I recently bought a pair of shoes online. Naturally, I waited in great anticipation for the shoes to arrive—like kids do when anticipating the arrival of Santa on Christmas Eve. (Okay, it’s just an analogy; I don’t actually believe in Santa Claus.) Every morning, I would check the delivery status and hope to receive the shoes that very day.
This “hope” isn’t unique, really. In life, we hope for many things. Some are for noble things, such as for sick friends to be healed. Most of the time, however, we hope for far more personal things, such as better grades.
According to one author, the modern idea of hope is “to wish for, to expect, but without certainty of the fulfillment; to desire very much, but with no real assurance of getting your desire”. This definition certainly came true for my shoe purchase: The seller turned out to be bogus, and I didn’t get my shoes.
The experience taught me a more important lesson—that what we hope for, should always be second to whom we hope in.
“Hope” in the Scriptures means “a strong and confident expectation”—the certainty that what God has promised in His Word is true, has occurred, and will come to pass in accordance with His Word.
Biblical hope is a hope that does not lead to an attitude of escapism, but to the pursuit of life on a whole new dimension. It is never an escape from reality or from problems; it doesn’t leave us idle, drifting, or just rocking. Instead, it makes us optimistic about the potential of our lives as stewards of God. It gives us power to live courageously, to be all that God has called us to be in Christ.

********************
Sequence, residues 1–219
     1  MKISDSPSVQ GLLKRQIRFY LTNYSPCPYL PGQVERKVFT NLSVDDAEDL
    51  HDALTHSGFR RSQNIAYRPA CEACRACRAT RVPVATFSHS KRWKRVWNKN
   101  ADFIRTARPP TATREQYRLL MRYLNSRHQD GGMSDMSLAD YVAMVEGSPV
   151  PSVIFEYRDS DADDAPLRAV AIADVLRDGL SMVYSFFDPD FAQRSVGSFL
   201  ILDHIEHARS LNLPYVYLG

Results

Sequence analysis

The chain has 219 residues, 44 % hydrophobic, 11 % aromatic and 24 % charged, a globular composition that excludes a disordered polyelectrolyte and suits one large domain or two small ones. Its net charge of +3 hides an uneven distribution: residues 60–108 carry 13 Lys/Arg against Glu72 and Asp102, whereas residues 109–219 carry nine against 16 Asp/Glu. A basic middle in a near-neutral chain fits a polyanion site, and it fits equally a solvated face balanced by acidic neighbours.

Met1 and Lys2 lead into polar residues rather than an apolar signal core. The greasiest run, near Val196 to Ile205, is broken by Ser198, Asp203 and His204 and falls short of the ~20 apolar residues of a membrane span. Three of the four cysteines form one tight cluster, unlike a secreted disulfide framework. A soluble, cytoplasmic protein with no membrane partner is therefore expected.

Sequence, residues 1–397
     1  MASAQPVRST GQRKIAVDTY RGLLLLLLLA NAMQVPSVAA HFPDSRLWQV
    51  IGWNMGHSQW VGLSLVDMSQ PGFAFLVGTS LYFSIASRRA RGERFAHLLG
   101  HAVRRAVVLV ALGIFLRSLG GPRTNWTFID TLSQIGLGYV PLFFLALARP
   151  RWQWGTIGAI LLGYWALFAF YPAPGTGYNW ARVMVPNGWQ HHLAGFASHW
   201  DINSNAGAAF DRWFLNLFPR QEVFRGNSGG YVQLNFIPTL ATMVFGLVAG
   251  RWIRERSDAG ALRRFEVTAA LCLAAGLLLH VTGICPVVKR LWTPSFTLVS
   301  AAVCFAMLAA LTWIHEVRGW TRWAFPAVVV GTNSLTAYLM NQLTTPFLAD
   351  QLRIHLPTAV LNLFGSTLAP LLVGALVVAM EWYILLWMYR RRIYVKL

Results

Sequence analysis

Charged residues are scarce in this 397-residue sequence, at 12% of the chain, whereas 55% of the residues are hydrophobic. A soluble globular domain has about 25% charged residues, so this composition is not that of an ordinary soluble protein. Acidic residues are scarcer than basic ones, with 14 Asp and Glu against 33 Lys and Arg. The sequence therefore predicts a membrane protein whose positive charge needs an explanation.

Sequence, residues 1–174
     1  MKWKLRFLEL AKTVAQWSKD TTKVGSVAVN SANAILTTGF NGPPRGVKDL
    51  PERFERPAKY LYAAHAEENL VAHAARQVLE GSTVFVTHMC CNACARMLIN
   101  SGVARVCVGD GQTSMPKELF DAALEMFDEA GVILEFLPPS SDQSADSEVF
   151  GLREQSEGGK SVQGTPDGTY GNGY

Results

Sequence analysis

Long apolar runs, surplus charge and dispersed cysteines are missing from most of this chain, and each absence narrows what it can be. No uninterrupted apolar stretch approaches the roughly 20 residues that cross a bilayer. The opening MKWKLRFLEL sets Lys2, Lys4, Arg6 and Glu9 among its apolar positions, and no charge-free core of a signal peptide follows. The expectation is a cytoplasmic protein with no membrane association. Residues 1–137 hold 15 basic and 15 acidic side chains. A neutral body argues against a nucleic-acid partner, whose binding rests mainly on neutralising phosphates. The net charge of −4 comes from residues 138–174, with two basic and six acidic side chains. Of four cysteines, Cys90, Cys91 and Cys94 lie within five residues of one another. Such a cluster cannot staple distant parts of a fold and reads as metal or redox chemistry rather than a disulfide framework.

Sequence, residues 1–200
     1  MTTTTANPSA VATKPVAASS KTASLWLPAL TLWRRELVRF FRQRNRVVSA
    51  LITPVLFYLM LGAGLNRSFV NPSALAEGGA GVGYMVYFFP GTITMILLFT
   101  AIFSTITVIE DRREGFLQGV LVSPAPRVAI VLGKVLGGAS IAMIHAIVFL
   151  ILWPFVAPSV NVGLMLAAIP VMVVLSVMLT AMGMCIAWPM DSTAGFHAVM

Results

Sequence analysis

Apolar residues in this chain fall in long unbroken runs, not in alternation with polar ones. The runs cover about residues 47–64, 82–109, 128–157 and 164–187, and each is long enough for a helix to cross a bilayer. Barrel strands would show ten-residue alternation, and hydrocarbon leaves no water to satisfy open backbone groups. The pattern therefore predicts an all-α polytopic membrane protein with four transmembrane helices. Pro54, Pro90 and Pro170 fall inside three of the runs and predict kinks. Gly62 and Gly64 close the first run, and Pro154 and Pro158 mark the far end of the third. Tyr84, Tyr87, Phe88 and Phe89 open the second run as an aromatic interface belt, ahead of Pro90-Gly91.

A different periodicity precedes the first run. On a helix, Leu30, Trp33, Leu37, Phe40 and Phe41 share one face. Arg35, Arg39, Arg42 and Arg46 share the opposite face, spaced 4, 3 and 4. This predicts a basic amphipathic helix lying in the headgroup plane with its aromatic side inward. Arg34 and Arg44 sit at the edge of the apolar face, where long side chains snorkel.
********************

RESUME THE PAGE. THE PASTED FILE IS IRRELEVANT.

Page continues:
If our hope is biblical—and not just a cliché we use “in case of emergency”—it will put us in the right gear. We will be like William Carey, an 18th-century cobbler who became one of the greatest missionaries, who said, “Expect great things from God, attempt great things for God.” Carey was not disappointed: Though his mission in India counted only 700 converts in a nation of millions, he laid an impressive foundation of Bible translation, education and social reform that enabled many others to continue the work of evangelising in India.
What do you hope for? That’s important.
Whom do you hope in? That’s fundamental.